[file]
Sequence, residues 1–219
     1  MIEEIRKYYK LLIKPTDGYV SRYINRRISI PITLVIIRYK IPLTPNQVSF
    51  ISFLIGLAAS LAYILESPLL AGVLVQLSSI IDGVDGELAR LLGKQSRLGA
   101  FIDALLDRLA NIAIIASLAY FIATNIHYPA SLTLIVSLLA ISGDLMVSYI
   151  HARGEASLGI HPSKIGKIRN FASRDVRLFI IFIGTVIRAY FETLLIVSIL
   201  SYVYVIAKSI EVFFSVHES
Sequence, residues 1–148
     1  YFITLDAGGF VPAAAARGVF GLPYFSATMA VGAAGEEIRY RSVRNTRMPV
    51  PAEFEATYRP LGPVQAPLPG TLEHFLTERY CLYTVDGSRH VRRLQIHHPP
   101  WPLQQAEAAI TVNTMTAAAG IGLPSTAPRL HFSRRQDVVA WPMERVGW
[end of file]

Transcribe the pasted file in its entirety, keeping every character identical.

Sequence, residues 1–219
     1  MIEEIRKYYK LLIKPTDGYV SRYINRRISI PITLVIIRYK IPLTPNQVSF
    51  ISFLIGLAAS LAYILESPLL AGVLVQLSSI IDGVDGELAR LLGKQSRLGA
   101  FIDALLDRLA NIAIIASLAY FIATNIHYPA SLTLIVSLLA ISGDLMVSYI
   151  HARGEASLGI HPSKIGKIRN FASRDVRLFI IFIGTVIRAY FETLLIVSIL
   201  SYVYVIAKSI EVFFSVHES
Sequence, residues 1–148
     1  YFITLDAGGF VPAAAARGVF GLPYFSATMA VGAAGEEIRY RSVRNTRMPV
    51  PAEFEATYRP LGPVQAPLPG TLEHFLTERY CLYTVDGSRH VRRLQIHHPP
   101  WPLQQAEAAI TVNTMTAAAG IGLPSTAPRL HFSRRQDVVA WPMERVGW